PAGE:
If there were 100 people in the lecture hall when we concluded in the previous post that all work roles need to be broken-down into short measurable tasks and objectives, then we can safely assume 99 exited muttering something like “NFW”. For the one curious soul still here, go ahead and move up to the front row.
If our company is to commit to cataloging and defining as many work tasks as possible, how would we do it? Don’t we have to invent a completely new way to work? Nope. Most of it is already developed. Of course ideas are still evolving quickly. But there are enough proven techniques that any company can start and gain efficiency almost immediately.
We borrow from Lean Manufacturing and Agile Software Development, both of which have been adapted for project management. What are we really talking about? Tasks. Lists of specific tasks. Or even better, a backlog of tasks, for each person over a short period of time.
Since there is huge inefficiency in the pay-for-time model of compensation, concepts developed in project management need to be applied to every day work. In short, we should all work from a list, always. Sounds like standard time management ideas right? Correct.
Getting Things Done
But most of us in traditional jobs, especially managers, are not working from a list. Instead, we require everyone to show up at the office 100% of the time.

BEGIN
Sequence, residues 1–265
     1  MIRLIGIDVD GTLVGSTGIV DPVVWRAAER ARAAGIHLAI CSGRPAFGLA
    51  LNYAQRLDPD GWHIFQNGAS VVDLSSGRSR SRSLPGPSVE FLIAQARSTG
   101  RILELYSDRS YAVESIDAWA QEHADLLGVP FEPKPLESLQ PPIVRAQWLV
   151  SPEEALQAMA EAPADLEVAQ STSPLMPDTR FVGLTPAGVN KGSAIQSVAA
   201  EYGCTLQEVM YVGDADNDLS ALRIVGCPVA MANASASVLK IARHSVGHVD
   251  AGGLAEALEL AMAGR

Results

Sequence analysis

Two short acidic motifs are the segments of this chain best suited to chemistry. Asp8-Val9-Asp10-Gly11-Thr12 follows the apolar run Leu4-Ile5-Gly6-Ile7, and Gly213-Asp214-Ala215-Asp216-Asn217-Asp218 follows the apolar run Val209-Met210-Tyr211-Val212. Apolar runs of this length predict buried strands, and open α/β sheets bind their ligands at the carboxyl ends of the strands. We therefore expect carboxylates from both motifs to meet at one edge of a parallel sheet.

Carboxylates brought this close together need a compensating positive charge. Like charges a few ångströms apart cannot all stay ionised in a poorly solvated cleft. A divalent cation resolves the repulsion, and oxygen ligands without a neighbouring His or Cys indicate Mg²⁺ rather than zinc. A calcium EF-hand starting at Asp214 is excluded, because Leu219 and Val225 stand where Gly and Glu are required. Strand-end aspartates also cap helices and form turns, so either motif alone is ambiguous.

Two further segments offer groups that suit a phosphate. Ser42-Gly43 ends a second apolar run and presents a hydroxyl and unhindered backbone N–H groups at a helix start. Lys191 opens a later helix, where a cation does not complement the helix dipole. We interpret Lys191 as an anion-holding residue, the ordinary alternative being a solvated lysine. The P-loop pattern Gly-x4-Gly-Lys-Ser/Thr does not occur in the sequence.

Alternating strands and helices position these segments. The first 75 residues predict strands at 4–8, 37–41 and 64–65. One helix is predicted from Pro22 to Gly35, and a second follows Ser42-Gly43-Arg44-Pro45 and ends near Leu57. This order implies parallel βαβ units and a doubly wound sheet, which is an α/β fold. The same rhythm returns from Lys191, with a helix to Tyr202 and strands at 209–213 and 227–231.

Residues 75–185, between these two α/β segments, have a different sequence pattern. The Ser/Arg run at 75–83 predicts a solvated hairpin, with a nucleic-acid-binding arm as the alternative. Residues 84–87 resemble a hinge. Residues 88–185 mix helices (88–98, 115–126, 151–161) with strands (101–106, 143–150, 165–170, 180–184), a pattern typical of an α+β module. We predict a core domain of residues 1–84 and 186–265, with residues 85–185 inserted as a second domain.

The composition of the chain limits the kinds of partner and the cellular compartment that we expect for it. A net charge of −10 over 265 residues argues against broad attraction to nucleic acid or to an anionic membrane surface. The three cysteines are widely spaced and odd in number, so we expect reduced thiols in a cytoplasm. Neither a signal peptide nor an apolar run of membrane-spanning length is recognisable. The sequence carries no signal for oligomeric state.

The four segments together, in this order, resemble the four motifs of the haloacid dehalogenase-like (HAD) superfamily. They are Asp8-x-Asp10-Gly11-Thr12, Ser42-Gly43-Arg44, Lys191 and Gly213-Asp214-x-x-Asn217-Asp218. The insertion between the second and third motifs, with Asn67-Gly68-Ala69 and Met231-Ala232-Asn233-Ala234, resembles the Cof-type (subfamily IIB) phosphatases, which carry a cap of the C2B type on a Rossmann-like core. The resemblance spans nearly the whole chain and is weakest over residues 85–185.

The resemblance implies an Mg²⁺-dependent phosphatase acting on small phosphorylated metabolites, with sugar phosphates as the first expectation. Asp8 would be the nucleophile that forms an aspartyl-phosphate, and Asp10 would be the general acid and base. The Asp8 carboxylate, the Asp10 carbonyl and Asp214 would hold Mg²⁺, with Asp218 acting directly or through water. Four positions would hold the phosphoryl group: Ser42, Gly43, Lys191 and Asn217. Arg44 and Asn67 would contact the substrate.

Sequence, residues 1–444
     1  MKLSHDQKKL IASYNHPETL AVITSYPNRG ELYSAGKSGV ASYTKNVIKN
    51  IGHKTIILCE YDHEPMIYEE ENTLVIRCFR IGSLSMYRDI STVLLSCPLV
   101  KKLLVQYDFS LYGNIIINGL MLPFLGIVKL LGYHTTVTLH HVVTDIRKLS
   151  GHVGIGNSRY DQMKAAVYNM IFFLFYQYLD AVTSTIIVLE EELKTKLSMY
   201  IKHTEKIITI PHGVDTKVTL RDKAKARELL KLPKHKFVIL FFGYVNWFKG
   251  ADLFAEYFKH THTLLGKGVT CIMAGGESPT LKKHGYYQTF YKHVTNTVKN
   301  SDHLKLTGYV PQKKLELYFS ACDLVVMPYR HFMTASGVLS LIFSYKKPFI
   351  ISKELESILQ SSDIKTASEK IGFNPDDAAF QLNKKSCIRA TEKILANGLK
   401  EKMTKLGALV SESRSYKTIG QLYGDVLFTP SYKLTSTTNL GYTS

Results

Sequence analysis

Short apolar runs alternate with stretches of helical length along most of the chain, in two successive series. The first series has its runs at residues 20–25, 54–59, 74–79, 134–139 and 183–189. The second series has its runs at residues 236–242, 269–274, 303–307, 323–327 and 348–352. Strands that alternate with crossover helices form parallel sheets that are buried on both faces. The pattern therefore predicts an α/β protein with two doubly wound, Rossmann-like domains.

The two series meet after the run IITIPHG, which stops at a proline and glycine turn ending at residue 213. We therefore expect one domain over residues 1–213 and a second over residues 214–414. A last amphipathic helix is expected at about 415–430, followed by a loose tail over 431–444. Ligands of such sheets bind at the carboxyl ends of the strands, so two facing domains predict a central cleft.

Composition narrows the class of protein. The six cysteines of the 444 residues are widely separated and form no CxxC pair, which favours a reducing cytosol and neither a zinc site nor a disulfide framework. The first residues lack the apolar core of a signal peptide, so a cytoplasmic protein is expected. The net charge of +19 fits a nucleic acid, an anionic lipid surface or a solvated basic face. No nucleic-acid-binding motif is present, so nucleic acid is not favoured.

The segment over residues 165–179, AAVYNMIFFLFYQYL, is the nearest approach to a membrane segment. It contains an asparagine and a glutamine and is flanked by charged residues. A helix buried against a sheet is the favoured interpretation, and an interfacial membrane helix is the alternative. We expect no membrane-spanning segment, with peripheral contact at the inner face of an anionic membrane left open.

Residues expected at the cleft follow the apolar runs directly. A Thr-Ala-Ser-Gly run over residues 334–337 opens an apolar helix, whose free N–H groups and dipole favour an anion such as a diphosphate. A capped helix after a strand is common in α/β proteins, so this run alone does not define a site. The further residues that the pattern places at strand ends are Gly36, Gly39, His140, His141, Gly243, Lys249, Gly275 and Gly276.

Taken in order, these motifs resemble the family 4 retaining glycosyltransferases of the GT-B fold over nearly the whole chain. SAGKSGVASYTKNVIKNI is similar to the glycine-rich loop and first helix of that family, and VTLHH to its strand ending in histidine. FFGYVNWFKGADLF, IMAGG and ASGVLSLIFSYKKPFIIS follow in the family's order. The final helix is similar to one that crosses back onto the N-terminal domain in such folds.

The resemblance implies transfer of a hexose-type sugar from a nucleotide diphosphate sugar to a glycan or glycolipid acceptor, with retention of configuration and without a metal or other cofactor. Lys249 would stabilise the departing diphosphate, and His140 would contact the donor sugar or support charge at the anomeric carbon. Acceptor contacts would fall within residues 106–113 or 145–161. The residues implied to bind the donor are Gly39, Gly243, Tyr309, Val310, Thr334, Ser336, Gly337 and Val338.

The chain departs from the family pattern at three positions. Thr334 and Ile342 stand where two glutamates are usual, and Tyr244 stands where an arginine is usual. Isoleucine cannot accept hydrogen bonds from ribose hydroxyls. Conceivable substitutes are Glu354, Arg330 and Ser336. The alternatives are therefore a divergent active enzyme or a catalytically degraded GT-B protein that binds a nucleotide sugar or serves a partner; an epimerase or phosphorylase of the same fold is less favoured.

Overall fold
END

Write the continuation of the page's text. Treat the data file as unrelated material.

When we work from a list, and do it in the manner of Agile principles or Lean, KanBan, the result will be a much stronger sense of direction and accomplishment for those delivering tasks on the list and it will be much more productive for the “client”, manager, or employer because value received for money spent will be more easily understood. When we have clear tasks and objectives, we know what work is completed and when, and we don’t need to oversee the process. Conversation will more focused on collaboration rather than management oversight.
This is the future of work and it already arrived. It just hasn’t been applied everywhere yet.
Lean KanBan North America (http://lkna.leankanban.com)
The Agile Manifesto (http://agilemanifesto.org)
Google search: “Agile Project Management”.